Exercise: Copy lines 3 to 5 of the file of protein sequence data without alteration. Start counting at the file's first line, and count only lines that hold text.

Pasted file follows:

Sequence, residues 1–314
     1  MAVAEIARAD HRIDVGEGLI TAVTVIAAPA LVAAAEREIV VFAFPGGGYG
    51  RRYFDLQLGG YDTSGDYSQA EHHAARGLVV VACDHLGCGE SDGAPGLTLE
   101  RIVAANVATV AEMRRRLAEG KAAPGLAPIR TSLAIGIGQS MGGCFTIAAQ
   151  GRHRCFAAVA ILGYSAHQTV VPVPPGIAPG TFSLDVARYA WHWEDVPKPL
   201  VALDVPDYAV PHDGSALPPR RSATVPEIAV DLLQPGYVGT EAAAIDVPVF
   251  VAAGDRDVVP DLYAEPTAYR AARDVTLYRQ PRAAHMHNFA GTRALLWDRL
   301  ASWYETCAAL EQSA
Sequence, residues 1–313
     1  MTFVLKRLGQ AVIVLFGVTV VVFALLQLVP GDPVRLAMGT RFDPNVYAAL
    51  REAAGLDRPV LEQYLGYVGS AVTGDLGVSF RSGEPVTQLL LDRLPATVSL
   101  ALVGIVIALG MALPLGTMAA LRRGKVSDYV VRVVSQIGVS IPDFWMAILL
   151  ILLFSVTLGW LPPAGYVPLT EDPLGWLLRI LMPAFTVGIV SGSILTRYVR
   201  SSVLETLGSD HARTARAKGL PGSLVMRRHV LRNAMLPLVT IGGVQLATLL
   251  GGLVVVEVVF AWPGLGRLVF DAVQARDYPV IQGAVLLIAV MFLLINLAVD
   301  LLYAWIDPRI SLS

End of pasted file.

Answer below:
    51  RRYFDLQLGG YDTSGDYSQA EHHAARGLVV VACDHLGCGE SDGAPGLTLE
   101  RIVAANVATV AEMRRRLAEG KAAPGLAPIR TSLAIGIGQS MGGCFTIAAQ
   151  GRHRCFAAVA ILGYSAHQTV VPVPPGIAPG TFSLDVARYA WHWEDVPKPL